Time Out reports that London Underground is auctioning off 300 of its most iconic vintage posters this week – what I wouldn’t give to get my hands on one.
I think most people that live in London and have any kind of interest in design will be familiar with these – the fantastic London Transport Museum sells reprints of most of them and they are such lovely pictures that THE INTERNET HIVE MIND posts them pretty regularly.
It will come as no surprise to anyone that my favourite designs are the ones from the 20s and 30s – no way! You surprise me! The Lure of the Underground by Alfred Leete has always been my absolute favourite in terms of design – did you know that he also designed the your country needs you poster? (Estimate: £4,000 – £6,000)
I’m also very fond of the Brightest London one by Horace Taylor, which dates to 1924. I don’t know any backstory to it but I love the idea that some on-the-ball designer heard the phrase ‘bright young people’ in use and decided they could work with it. There’s a bit of debate around when the phrase was first used but it wasn’t particularly in popular use until the 20s so thumbs up who ever cashed in on that one. (This one isn’t in the auction but Horace’s other works are estimated at about £2,300 upwards.)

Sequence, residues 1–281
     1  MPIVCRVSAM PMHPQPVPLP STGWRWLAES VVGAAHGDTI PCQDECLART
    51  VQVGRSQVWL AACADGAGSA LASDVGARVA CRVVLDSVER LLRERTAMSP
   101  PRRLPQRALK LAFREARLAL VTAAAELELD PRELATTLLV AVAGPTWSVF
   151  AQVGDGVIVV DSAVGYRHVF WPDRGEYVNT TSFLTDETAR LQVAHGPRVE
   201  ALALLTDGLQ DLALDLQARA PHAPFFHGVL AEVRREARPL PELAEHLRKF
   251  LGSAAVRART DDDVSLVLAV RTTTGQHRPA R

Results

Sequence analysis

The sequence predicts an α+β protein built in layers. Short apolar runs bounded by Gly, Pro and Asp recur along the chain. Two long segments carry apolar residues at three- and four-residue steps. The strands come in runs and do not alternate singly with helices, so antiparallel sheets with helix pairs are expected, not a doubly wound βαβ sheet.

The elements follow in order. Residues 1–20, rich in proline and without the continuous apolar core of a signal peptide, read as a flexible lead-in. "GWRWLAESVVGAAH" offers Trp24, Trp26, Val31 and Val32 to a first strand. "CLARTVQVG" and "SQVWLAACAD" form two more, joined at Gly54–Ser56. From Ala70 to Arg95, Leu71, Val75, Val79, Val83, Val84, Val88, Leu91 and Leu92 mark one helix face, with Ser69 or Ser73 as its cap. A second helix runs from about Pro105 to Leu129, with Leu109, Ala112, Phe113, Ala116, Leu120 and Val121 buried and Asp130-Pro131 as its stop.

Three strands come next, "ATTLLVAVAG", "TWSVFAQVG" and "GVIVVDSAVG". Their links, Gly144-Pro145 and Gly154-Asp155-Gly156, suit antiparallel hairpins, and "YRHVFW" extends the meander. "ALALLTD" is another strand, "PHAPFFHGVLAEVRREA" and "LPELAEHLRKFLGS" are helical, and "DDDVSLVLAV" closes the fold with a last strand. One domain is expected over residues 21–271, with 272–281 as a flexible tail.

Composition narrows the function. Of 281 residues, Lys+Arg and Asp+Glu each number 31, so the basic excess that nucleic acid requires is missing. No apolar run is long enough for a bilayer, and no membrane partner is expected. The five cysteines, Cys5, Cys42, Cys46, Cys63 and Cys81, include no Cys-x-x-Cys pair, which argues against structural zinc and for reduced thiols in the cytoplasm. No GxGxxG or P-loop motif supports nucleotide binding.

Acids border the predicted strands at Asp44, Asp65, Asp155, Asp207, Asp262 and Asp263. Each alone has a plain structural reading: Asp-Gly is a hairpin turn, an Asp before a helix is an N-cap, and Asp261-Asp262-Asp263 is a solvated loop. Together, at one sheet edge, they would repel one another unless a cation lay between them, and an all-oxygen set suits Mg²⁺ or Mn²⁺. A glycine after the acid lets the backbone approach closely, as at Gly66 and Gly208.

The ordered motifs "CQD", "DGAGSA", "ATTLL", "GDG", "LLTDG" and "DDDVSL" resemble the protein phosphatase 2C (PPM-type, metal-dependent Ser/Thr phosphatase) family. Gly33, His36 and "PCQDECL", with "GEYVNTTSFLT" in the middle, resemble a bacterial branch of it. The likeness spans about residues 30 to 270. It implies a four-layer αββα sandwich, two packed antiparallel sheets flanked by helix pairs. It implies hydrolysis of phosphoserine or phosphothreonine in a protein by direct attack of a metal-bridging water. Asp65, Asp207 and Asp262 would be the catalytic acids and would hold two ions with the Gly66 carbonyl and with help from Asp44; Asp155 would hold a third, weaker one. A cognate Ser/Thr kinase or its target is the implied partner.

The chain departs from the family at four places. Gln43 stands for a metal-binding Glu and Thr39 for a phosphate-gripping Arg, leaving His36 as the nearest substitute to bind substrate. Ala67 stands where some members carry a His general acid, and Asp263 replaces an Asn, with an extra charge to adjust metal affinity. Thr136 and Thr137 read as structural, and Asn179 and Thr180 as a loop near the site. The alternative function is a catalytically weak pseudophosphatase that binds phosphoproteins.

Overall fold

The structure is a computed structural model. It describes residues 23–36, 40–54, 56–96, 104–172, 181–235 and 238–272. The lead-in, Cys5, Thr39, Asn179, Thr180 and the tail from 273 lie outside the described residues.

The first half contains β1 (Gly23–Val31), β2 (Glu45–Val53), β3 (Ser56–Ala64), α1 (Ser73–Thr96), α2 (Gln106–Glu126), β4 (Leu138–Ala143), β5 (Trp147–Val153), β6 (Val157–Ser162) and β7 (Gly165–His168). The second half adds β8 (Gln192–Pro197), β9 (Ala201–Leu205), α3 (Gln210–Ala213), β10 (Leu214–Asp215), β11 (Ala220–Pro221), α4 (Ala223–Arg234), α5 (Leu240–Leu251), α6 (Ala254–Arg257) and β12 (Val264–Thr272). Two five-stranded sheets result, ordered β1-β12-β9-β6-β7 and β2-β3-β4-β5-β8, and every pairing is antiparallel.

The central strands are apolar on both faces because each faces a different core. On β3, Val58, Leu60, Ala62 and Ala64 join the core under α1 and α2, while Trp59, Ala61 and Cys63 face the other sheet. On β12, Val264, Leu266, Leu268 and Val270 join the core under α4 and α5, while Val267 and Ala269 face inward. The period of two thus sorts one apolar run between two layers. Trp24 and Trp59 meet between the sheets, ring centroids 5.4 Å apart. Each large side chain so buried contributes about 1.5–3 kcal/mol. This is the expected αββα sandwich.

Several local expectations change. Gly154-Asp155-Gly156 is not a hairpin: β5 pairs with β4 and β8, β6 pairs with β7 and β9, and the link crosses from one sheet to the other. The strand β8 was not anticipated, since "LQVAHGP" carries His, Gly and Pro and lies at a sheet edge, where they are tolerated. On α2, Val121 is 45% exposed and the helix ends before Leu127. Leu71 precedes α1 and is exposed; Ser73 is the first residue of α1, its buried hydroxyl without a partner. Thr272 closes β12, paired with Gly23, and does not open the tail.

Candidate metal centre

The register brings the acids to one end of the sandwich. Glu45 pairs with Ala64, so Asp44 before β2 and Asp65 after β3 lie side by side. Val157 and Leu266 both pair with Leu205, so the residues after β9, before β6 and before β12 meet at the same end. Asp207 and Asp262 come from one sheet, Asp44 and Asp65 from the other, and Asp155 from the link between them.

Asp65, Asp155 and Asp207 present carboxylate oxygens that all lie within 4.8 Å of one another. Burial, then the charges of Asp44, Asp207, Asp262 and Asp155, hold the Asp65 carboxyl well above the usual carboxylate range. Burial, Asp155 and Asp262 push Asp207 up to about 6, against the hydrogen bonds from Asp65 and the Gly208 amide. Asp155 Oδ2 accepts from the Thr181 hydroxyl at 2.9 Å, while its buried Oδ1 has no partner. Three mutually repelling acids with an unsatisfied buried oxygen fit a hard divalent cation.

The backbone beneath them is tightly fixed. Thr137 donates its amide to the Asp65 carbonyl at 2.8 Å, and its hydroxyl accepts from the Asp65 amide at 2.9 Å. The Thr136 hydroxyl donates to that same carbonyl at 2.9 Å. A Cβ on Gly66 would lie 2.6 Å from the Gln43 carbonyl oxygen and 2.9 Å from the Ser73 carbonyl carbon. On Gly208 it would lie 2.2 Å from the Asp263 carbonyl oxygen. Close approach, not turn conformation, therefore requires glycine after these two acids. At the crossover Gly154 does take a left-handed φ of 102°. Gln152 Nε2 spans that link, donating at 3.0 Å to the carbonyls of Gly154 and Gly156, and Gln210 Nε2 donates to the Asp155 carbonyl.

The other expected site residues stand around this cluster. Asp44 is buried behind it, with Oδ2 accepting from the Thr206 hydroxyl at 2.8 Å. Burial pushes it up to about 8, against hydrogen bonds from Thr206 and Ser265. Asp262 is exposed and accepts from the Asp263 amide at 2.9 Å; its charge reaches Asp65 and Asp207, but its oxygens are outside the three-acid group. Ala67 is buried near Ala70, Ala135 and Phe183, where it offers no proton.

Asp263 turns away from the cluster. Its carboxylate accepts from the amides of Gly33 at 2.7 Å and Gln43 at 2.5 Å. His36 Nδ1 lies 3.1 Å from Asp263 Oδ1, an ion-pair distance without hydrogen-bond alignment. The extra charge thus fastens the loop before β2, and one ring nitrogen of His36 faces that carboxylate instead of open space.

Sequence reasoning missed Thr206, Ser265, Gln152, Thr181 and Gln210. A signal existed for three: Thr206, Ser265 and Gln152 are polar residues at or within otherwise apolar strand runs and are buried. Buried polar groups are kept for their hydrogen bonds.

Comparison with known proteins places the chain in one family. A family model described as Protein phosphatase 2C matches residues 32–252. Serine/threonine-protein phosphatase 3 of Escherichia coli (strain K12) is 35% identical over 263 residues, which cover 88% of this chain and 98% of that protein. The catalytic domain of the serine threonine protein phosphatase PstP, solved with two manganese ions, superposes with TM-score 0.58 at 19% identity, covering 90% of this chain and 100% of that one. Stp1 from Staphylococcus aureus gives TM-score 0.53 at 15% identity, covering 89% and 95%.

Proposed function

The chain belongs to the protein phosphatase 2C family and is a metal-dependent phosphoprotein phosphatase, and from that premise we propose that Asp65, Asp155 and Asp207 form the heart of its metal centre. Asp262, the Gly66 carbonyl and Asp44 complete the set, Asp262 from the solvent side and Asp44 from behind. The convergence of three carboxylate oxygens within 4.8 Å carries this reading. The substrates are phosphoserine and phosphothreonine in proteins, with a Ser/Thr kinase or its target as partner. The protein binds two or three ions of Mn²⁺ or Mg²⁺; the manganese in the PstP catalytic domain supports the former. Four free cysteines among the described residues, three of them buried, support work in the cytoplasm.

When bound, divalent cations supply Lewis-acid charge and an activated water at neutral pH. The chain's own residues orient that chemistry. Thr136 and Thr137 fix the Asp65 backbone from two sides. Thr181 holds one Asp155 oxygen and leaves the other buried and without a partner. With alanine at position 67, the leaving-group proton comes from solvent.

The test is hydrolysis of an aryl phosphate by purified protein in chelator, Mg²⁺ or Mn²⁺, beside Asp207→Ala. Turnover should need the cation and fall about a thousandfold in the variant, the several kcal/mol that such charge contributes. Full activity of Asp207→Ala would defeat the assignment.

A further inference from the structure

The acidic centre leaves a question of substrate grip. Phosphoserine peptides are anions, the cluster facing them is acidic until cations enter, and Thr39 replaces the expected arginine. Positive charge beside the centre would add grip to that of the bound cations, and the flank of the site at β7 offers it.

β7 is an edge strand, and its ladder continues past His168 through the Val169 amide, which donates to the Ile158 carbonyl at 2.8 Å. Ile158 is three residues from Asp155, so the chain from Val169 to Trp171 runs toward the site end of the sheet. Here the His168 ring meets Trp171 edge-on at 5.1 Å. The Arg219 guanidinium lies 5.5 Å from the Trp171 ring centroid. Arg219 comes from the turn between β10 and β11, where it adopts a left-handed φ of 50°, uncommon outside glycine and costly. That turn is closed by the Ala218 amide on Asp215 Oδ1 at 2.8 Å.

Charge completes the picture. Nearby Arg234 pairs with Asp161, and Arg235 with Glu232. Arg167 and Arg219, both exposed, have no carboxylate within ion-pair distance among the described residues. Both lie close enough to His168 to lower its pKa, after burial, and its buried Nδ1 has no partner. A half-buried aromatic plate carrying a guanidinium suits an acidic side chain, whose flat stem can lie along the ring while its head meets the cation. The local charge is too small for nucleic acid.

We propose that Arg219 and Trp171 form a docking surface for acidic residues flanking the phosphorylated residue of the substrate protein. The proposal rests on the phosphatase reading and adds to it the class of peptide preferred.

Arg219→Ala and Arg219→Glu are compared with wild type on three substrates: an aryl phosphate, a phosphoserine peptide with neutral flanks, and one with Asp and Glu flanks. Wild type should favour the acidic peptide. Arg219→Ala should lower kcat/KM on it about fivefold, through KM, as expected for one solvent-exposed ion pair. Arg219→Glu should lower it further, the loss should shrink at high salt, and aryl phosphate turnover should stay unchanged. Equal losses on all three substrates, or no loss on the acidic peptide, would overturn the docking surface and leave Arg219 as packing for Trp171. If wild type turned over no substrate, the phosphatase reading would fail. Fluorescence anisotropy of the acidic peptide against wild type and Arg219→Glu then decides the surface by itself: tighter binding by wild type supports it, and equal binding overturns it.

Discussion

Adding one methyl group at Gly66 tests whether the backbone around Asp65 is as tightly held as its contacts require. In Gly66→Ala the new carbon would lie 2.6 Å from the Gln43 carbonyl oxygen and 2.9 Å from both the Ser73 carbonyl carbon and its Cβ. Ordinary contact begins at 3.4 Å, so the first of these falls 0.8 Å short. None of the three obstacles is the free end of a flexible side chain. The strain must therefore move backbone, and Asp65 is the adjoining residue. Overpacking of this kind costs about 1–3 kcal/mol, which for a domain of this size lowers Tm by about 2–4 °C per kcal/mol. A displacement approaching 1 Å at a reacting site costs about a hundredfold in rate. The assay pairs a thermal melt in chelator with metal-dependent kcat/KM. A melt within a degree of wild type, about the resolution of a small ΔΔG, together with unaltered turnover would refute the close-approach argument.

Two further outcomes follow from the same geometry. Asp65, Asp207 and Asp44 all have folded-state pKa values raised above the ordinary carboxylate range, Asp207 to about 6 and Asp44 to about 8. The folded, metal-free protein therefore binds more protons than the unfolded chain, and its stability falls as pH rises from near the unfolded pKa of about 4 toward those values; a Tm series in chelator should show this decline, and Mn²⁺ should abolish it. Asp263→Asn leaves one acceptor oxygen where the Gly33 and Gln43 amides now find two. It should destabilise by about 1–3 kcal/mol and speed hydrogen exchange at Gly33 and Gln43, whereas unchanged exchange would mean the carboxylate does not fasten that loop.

The Posters with a Purpose sale is happening at Christie’s on Thursday 4 October- and you can bid online, so I’d suggest drinking half a bottle of wine then spending £800 on your favourite design and feeling pretty pleased with yourself.
You can enjoy the whooole catalogue here and I really recommend you do – there are some really awesome pictures in there that I hadn’t seen before (like this one) and some great in situ pictures of old stations. You can also buy the catalogue for £20 here which is very tempting, but I’d rather get my hands on a proper big book of the history of tube posters if such a thing exists. Anyone know if this is any cop?
Finally, you can buy a postcard pack (LAME) of some of the sale’s highlights here.